What it's all about
Gardening brings fun and learning together, making lessons more engaging and inspiring. While classifying information is a fundamental geographical skill, a garden can open a pupil's eyes to the Earth's varied ecosystems, writes Jane Griffiths.
A homework task, followed by class discussion, could be based around work as "garden detectives". Ask pupils to identify five plants in their garden or local park. They can take photographs and find out where the plants are from, using online resources. The detective work comes in classifying them by the shape, colour and size of leaves as well as their height. Patterns become apparent when plants from different biomes can be seen to have similar characteristic adaptations. An interactive whiteboard or old school wall map could chart where the plants in the pupils' gardens come from.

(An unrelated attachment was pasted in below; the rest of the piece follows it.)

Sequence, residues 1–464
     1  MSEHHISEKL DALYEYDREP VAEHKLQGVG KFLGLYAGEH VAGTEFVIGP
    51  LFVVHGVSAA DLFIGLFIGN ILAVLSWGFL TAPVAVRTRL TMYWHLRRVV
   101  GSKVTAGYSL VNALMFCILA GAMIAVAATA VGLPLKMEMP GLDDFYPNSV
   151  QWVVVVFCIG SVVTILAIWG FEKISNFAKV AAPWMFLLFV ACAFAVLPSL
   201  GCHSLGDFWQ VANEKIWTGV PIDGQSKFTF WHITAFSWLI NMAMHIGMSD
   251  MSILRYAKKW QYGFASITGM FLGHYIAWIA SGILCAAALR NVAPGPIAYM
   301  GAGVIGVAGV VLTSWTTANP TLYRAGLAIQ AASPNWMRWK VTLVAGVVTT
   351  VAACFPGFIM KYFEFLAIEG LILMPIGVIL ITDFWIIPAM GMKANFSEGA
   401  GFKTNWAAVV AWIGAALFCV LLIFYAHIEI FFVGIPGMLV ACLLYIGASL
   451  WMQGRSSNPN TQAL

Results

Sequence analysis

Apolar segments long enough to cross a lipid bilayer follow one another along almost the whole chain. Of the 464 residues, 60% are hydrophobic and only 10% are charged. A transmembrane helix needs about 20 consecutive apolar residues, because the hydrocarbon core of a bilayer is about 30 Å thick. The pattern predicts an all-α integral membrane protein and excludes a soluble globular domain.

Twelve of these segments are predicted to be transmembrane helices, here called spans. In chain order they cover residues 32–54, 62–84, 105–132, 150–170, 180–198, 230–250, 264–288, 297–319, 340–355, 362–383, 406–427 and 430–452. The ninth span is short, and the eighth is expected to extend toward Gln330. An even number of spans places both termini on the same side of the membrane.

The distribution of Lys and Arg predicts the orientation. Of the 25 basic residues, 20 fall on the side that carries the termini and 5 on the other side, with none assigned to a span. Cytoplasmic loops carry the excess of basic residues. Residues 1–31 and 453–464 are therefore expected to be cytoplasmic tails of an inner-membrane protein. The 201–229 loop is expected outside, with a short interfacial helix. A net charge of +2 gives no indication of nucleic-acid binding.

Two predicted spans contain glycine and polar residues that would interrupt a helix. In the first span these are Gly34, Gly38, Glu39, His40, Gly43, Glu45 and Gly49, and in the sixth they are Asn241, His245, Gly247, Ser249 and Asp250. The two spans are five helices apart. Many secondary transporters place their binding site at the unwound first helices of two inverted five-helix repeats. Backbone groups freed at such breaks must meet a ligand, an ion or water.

Your student detectives could be challenged to think of the reasons why there are so few garden plants from rainforest and desert regions. Do they have any house plants from these regions? What are these adaptations? Many homes have an orchid.
Although a trip to the rainforest is beyond most departmental budgets, a secondary-school workshop in botanic gardens is the next best thing.
Through the RHS Campaign for School Gardening, we help UK schools to use a garden in the curriculum. They can register for free and access a wealth of online resources, such as lesson plans, by going to www.rhs.org.ukschoolgardening
Start your own school garden and help pupils to learn more about ecosystems with a handy guide from Cool it Schools, bit.lycoolitschools. Test pupils' knowledge of ecology and ecosystems with funforester's quick questions, bit.lyecoquestions.